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"The party of the first part" (meaning the No. 24150.
defendant here) “agrees to a low and will allow
unto party of the second part” (meaning the VAN NESS v. LOUISIANA FARM
plaintiff) “as commission and compensation for MACHINERY CO.
his services as herein set forth twenty (20) (Supreme Court of Louisiana. March 24, 1924. per centum of the retail sale price of such
tractors sold, as such retail price is fixed and Rehearing Denied by Division C
listed at the factory, each party agreeing to May 5, 1924.)
abide by and be bound as regards commission (Syllabus by Editorial Staff.)
by the retail list price as fixed at the factory,
which price is subject to change from time to 1. Principal and agent em4l-Mandate; allega- time, at the discretion of the manufacturers;
tions insufficient to warrant recovery of prof- the compensation or consideration of this conits for tractors not delivered.
tract on the part of the first party being taken Where agent ordered from his principal out of the balance of said sale price of tractors eight tractors which were not shipped, agent on terms and as per contract existing between did not state cause of action for loss of profits, said party and the manufacturers, and not in where he failed to allege that he could have any way dependent upon the 20 per cent. above sold at an advanced price, or that they would mentioned; and have been worth the price for his own use. “The party of the first part further requires
that all orders be sent to it by second party, 2. Principal and agent om 41-Mandate; peti. and that, with each and every order so sent in,
tion for commissions and recovery of advanc- a deposit of one hundred (100) douars accom, es on tractors not shipped held good.
pany same, the first party agreeing to forward In a subagent's action against his princi- | all such orders received to the manufacturers, pal for breach of contract whereby he was to to be filled and shipped out to destination desigsell tractors, petition for commissions and re- | nated in due course of business, shipments to be covery of advances on tractors not shipped held sent out with sight draft attached for the balto state cause of action,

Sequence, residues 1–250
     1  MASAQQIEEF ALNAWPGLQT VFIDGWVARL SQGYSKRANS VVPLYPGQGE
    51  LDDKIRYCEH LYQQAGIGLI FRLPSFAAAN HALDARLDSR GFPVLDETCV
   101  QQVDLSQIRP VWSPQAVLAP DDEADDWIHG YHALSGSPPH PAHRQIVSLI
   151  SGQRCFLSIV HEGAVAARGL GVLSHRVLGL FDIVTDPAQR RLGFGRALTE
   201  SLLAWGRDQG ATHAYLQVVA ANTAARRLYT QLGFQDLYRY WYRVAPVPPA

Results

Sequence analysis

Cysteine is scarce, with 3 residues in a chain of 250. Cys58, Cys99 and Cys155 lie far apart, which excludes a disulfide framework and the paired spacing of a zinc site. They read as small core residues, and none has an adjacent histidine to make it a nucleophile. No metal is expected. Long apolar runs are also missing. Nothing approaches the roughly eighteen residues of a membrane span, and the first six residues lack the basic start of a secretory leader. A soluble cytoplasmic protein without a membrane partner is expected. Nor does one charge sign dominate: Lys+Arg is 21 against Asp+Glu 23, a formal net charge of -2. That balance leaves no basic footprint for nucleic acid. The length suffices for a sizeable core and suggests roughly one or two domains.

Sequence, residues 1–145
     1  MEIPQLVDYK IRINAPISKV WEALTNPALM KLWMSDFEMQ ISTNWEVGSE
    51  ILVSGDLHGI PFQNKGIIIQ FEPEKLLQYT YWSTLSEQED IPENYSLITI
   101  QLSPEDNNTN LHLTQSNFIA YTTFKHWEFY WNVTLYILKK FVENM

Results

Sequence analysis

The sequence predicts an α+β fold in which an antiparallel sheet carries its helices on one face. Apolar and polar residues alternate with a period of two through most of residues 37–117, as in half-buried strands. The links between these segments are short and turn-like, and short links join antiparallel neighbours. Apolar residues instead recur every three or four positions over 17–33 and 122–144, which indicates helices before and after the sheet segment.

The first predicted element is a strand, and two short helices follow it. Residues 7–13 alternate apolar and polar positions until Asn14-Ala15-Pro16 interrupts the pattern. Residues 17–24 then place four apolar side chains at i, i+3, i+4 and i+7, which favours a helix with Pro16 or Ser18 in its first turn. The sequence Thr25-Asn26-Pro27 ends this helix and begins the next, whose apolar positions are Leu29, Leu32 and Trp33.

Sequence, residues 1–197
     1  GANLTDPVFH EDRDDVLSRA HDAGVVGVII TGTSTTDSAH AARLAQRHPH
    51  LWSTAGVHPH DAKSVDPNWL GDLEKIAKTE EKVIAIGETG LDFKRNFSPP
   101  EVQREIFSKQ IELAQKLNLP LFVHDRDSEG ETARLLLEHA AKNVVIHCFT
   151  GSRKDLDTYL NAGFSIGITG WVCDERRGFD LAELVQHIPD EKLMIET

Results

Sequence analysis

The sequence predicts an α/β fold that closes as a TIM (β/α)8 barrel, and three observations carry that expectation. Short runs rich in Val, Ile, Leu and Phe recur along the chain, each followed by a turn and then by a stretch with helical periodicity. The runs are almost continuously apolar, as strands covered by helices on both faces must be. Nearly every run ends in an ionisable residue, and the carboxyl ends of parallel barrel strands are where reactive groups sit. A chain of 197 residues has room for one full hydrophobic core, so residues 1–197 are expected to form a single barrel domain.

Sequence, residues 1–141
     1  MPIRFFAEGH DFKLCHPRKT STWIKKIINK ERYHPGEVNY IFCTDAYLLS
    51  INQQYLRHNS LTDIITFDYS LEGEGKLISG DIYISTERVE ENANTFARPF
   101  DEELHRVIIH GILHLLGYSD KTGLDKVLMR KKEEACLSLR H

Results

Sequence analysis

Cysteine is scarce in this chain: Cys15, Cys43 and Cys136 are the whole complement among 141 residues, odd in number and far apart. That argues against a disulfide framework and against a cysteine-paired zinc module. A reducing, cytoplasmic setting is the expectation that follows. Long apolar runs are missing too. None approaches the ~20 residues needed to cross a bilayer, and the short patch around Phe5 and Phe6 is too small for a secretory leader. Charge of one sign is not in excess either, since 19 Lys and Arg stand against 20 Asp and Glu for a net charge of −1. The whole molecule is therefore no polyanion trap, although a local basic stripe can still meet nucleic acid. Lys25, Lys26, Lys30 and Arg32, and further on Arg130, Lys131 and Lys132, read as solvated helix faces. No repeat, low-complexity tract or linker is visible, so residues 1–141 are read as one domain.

ance of the purchase price, less the aforesaid
20 per cent. commission, it being understood Appeal from First Judicial District Court, that the prices fixed are f. o. b. factory, WaterParish of Caddo; John R. Land, Judge. loo, Iowa, and that the $100 advance deposit Action by M. B. Van Ness against the is not to be returned to second party.”
required shall apply on the purchase price and Louisiana Farm Machinery Company. Judg. ment for defendant, and plaintiff appeals. Plaintiff avers that the meaning of the Judgment annulled, and case remanded, paragraph last quoted was that the sending
Edward Barnett, of Shreveport, McCoy & in of an order, with the required deposit, Noss, of Lake Charles, and Barnette & Rob- made a binding contract at the price then erts, of Shreveport, for appellant.
fixed and listed at the factory, and that deCrain, Jackson & Johnston, of Shreveport, fendant was then responsible for the payment for appellee.
of the commission, at 20 per cent. on the
price so fixed and listed at the time of the By Division A, composed of O’NIELL, C. receipt of each order with the accompanyJ., and ROGERS and BRUNOT, JJ.
ing $100 deposit. Whether the sales were
to be made at the prices fixed and listed at O’NIELL, C. J. The plaintiff has appealed the time of the receipt of plaintiff's orders from a judgment dismissing his suit on an and accompanying deposits, or were to be exception of no cause of action.
made at such prices as might be fixed and The suit is founded mainly upon a con- listed at the time of the shipments, is the tract by which the defendant, as sales agent important question propounded by the exfor the Waterloo Boy tractors, appointed | ception of no cause of action. Plaintiff alplaintiff the exclusive subagent for a limited leges in his petition that, if the contract does territory. The term of the contract was not plainly express the meaning which he one year, commencing on the 10th of July, attributes to it, it is ambiguous in that re1917. It was afterwards extended to the spect, and that he will prove by verbal testi31st of July, 1919. The principal demands in mony that his interpretation of the instruthis suit are: (1) For a commission on the ment is correct. He avers that both parties price of eight tractors which plaintiff avers have so interpreted the contract, and that he ordered and which were not shipped, and the defendant is estopped to deny that such (2) for the return of $800 which plaintiff interpretation is in accord with the intenavers he deposited with the orders for the tion which the parties had when they signed tractors. The cause or right of action de- | it. And, in that connection, plaintiff annexes pends upon plaintiff's contention that, by the to his petition a letter written to him by determs of the contract, the price of the trac- fendant, dated the 20th of September, 1917, tors, on which his commission of 20 per cent. viz.: was based, was not subject to change after
"Dear Mr. Van Ness: We have advice from defendant's acceptance of an order, with the the factory that there will be an advance on the required deposit. The pertinent clauses of Waterloo Boy tractor, the present price of the contract are: